was interesting about such a painting, then they would make a difference to

In terms of making a particular site more accessible, there are things we can
do. Just as there are with accessibility for people who are blind, deaf, have
motor disabilities, etc there is a whole continuum of accessibility for
people with learning disabilities. There are a corresponding range of things
we can do, from providing multimedia presentations of the material on a site
which are designed to teach deaf children with learning disabilities, step by
step, how to implement an XML parser, to making our writing style clearer and
providing more graphic illustration of the ideas we express.

Although I think the WAI guidelines are very good, I do not think that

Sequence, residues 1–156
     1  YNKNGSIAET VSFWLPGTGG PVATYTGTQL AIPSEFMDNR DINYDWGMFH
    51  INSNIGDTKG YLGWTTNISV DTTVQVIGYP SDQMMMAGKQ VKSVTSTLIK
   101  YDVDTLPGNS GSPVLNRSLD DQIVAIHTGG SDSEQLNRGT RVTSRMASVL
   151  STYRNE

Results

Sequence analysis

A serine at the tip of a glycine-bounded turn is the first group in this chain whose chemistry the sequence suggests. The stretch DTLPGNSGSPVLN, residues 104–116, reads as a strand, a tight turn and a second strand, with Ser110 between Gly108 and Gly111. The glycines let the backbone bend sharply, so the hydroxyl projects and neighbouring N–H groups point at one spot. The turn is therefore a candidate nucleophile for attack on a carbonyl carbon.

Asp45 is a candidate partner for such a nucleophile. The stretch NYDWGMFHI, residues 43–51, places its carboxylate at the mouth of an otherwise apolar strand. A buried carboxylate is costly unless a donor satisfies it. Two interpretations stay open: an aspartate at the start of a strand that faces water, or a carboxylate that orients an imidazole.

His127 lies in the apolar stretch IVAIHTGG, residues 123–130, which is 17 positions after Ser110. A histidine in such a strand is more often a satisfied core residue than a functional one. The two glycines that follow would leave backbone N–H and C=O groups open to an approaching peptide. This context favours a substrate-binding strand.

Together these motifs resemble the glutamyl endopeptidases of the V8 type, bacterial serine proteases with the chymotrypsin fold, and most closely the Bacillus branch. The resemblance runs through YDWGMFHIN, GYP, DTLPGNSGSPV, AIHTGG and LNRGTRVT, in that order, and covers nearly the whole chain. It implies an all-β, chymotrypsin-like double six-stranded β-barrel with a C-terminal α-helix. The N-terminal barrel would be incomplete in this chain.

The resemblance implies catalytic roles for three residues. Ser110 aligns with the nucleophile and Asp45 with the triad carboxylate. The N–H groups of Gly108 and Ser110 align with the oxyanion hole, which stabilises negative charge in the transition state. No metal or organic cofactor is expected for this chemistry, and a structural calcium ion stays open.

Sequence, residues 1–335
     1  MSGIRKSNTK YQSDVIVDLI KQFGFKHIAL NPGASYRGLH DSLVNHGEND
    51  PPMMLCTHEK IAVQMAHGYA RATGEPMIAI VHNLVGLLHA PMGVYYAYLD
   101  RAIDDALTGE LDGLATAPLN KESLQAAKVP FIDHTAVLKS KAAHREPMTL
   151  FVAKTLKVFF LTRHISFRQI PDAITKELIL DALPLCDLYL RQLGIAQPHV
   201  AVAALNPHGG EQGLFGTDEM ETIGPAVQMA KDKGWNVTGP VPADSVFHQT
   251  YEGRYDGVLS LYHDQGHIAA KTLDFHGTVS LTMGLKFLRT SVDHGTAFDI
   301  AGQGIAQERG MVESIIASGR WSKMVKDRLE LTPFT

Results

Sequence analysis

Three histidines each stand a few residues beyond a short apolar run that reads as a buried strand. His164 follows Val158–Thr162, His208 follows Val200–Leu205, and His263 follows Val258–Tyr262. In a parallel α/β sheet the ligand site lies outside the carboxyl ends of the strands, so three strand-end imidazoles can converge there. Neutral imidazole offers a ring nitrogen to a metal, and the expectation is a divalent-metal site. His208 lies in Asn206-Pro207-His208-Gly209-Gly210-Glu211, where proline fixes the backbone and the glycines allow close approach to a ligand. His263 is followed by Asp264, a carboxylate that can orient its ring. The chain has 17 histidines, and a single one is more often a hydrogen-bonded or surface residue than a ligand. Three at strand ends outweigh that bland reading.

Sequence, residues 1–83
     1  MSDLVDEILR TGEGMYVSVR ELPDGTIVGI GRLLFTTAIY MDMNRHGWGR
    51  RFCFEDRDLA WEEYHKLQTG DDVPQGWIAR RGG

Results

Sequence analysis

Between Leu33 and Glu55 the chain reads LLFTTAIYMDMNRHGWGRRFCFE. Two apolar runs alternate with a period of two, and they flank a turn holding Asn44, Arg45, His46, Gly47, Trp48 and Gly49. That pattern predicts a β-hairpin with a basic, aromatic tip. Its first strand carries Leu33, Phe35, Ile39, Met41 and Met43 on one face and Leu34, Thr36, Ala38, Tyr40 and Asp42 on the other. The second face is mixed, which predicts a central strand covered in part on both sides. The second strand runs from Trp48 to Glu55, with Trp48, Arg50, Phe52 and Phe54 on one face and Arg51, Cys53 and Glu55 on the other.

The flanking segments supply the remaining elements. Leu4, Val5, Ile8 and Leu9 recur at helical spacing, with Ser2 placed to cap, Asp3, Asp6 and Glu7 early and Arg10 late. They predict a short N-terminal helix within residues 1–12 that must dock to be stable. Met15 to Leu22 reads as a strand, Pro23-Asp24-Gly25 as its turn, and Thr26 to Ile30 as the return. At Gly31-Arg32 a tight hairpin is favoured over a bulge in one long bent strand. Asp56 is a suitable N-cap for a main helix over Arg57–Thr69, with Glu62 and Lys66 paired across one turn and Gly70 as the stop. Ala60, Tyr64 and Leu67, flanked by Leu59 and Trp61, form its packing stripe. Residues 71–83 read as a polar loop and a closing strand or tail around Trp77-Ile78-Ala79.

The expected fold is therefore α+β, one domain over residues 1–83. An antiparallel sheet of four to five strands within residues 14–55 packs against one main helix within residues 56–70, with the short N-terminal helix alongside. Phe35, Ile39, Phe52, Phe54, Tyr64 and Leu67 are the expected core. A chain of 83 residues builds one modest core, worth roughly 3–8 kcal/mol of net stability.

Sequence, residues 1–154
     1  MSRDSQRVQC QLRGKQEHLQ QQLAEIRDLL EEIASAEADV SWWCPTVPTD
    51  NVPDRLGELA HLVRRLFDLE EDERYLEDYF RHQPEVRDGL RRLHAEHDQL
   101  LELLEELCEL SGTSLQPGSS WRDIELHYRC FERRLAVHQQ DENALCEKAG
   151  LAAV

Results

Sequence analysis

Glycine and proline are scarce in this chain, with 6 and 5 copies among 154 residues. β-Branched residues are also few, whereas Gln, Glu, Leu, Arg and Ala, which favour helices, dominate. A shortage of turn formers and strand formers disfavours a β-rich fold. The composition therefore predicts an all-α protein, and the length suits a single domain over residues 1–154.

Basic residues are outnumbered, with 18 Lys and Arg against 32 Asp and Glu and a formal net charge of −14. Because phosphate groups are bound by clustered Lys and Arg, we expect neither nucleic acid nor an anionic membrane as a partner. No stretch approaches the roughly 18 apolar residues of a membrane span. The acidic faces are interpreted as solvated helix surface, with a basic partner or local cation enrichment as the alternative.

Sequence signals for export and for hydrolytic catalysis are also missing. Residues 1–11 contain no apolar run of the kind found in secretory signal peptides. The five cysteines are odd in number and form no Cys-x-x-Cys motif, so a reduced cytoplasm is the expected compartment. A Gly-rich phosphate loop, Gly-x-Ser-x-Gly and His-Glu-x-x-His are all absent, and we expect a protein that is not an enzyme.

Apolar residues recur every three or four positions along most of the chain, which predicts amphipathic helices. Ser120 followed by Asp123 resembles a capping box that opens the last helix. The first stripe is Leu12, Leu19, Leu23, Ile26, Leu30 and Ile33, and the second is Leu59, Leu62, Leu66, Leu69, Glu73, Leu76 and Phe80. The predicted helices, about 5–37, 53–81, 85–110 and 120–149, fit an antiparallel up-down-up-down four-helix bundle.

meeting the guidelines is proof of accessibility. The phrase I use is that
meeting the guidelines would make a "rebuttable presumption" - which is a
term that a lawyer told me. It means if you do what the guidelines say, then
you can say "I think I have done it right", and people should have to show
you what you did wrong. But if you don't do something in the guidelines, then
that is something wrong.

In the original example, I would suggest that it does not follow two
checkpoints - the one about writing clearly and the one about illustrating.
Both of these are P3 in the current guidelines, and it has been suggested by
Anne, Dave and others that these are in fact more important than P3 in the
context of learning disabilities. I look forward to learning more.

Charles McCN

On Fri, 11 Jun 1999, Ann Navarro wrote:

  At 12:25 AM 6/11/99 -0400, Charles McCathieNevile wrote: